The National Wild Turkey Federation, among others, suggests the ideal pattern for turkey hunting is 100 pellets in a 10-inch circle at 40 yards. Note that it’s also important for this pattern to be spread out consistently. Large gaps within that 10-inch circle could cause a miss.

Evaluate several shots using paper targets, such as Champion Re-Stick Turkey Targets to quickly and easily examine pattern performance.

When your shotgun setup puts a smile on your face, the next step is to regularly rehearse your shots, again and again, in real-life conditions.

Practice in Realistic Scenarios

You should always use a good shooting rest to ensure your sight-in aim is steady and controlled. But after that, ditch the shooting rest, and make your practice sessions as realistic as possible. Step away from the shooting bench, and practice while sitting on the ground with a solid backstop behind you, just like you’re sitting up against a tree during a real hunt.

Continue to evaluate several shots using paper targets such as Champion Re-Stick Turkey Targets. This way, you can quickly and easily track your progress and improvement.

You should have at least one practice session wearing your hunting clothes and vest. This will let you monitor and evaluate how your clothes are performing while shooting. For example, you might find out that your shirt or jacket is too restrictive in the armpit area and doesn’t allow maneuverability and a comfortable shot.

If you plan on using specialized accessories, such as a monopod or a padded shooting rest that attaches to your knee, you need to practice using those, too. Along with gaining familiarity with these tools, you’ll also quickly discover if you need to tweak or change anything in your setup to avoid mishaps while on the hunt.

Practice Your Shot Repetitively

To become proficient at other shotgun sports — such as trap, skeet and sporting clays — athletes take thousands of practice shots before competing. Turkey hunters can benefit from repetition, too. Master the physical acts of flipping the safety, accurately placing your aim, steadying your shot, taking a deep breath and properly squeezing the trigger.

For repetitive shooting practice, skip the paper targets and expensive full-power turkey ammunition. Grab a box of clay targets and less expensive target ammunition.

Standard clay targets are roughly the same size as a gobbler’s head, about 4 inches in diameter. For a greater challenge, choose mini-sized clays that are about 2 inches in diameter. You can also find clay targets in colors other than bright orange that add a different element to practice. Targets in other colors such as black, white, yellow and pink help you practice quick target acquisition, which is a skill that’s extremely important in the turkey woods.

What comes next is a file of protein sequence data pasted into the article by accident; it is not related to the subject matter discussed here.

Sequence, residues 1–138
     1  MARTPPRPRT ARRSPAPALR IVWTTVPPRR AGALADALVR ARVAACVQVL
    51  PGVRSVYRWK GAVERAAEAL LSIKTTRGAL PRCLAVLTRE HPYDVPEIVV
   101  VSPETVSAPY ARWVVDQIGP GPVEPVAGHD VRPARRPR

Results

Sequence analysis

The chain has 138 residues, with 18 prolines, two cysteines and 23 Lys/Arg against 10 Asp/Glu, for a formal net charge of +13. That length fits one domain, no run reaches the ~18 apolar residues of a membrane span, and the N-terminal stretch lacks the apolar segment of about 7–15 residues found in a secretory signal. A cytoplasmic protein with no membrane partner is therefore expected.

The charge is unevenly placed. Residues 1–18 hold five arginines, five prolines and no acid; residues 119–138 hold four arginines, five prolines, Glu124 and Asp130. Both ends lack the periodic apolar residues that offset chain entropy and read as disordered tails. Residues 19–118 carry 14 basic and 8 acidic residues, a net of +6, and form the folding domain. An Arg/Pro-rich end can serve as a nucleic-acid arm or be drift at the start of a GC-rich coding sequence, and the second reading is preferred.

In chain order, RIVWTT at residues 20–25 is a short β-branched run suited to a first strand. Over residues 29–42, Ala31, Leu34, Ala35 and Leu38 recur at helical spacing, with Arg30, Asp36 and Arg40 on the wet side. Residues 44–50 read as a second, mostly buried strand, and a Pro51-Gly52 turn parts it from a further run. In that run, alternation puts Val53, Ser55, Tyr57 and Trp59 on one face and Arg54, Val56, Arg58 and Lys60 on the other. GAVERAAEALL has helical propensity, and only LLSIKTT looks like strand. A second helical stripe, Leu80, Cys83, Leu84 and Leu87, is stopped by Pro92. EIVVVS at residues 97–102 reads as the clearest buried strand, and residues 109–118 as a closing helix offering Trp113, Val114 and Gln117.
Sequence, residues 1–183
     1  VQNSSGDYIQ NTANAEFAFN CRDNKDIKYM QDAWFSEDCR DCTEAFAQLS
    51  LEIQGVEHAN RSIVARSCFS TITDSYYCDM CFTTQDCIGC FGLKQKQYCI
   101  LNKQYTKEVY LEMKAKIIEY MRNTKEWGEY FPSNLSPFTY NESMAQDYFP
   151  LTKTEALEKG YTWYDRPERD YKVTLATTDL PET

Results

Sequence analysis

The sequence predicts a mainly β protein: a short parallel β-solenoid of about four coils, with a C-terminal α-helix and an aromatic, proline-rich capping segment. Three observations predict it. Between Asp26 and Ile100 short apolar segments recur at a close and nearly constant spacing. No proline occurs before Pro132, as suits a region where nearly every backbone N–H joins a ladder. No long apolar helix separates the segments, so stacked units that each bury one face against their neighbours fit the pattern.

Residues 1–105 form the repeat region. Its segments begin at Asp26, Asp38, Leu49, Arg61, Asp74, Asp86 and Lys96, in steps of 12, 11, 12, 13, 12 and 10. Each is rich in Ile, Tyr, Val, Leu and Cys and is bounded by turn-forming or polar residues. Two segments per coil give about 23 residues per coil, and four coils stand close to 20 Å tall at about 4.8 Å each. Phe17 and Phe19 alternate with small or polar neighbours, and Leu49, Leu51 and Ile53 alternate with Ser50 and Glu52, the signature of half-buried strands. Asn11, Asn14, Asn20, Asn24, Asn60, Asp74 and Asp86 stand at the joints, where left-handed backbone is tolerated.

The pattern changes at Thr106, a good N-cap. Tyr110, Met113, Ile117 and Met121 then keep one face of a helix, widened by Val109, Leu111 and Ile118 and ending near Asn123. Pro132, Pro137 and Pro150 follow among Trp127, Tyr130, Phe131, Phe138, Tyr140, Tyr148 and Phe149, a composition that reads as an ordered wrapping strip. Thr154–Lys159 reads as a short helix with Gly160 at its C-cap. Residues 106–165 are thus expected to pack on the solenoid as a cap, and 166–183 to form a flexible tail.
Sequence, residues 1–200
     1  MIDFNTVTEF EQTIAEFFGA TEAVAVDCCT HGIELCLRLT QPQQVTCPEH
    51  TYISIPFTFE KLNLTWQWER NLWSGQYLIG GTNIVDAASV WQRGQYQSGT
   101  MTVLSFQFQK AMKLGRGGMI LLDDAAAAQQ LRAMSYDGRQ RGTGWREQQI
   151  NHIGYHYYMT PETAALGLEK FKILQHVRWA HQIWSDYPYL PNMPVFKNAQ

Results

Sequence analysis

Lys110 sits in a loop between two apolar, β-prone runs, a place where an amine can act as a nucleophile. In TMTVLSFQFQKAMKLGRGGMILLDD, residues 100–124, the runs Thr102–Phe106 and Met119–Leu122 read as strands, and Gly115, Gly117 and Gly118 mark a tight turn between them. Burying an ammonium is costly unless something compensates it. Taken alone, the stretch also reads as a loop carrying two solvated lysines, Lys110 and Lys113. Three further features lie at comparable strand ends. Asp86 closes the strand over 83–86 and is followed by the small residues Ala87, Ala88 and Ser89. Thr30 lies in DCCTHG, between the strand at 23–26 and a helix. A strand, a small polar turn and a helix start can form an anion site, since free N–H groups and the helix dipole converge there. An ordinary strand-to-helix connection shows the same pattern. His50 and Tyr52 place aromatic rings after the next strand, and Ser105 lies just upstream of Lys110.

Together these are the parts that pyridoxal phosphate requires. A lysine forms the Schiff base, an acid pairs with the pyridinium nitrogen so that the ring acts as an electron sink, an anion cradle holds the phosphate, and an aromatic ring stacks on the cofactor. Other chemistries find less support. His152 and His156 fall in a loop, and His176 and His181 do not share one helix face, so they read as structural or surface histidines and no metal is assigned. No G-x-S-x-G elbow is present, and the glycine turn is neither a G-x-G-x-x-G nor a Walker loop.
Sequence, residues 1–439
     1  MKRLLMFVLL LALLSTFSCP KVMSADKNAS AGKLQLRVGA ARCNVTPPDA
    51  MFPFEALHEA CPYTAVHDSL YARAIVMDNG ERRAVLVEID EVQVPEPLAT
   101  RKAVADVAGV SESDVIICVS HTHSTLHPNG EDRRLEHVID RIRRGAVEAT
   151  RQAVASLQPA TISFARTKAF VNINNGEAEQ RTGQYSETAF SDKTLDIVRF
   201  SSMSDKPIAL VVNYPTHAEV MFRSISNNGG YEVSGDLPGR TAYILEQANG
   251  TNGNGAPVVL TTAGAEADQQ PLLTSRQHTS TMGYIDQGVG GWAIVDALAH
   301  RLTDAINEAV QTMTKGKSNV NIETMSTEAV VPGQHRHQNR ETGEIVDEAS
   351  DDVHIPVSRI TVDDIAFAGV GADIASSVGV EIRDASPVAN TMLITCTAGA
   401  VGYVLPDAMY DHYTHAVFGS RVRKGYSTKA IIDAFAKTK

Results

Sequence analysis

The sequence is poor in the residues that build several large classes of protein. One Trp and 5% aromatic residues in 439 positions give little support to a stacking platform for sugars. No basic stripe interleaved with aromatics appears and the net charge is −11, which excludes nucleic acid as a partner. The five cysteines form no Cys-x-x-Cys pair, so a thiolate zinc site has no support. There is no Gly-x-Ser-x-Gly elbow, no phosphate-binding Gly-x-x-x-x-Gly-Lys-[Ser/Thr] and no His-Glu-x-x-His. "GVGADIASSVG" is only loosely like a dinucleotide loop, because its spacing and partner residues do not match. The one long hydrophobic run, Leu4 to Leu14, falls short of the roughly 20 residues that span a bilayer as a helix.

The simple way to set up stationary clay targets intended for turkey training is to sharpen the ends of several 2-foot sticks, shove them in the ground and hang the targets from them. You can set up a small course at the range with dozens of targets set at various positions and distances. Try putting some brush or other obstacles in front of some of the targets to make for more realistic hunting scenarios.

Train and Condition

Turkey hunting is a physical activity that you should train for just like other athletic sports. Preparing or double-checking your shotgun setup and practicing your shot is something you should do every year before opening day.

But you should also train and condition yourself to be in good physical condition before hunting season, because to make a good shot, you need strength and endurance. For example, calling turkeys with a mouth call can be tiring, especially lengthy calling sessions that are sometimes necessary to convince a stubborn gobbler to come closer. Aggressively blowing a mouth call can leave you out of breath. Additionally, running and gunning up and down foothills can also wear you out.

Condition yourself for these scenarios. During shooting practice at the range, pack your favorite mouth call. Sound off a long, loud calling sequence until you’re huffing and puffing, and then take aim at a distant target and squeeze off a shot. Run a few short sprints in the parking lot, knock off a dozen pushups, or jump rope for a few minutes until your heart is pounding and you’re breathing hard, and then immediately sit down and practice your shot.